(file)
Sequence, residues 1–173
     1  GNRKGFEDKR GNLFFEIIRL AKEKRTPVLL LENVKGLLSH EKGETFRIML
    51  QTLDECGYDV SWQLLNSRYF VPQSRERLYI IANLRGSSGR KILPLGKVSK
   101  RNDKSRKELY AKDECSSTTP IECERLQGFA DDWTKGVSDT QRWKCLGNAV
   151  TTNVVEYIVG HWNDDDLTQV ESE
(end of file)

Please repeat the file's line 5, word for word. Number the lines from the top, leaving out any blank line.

   151  TTNVVEYIVG HWNDDDLTQV ESE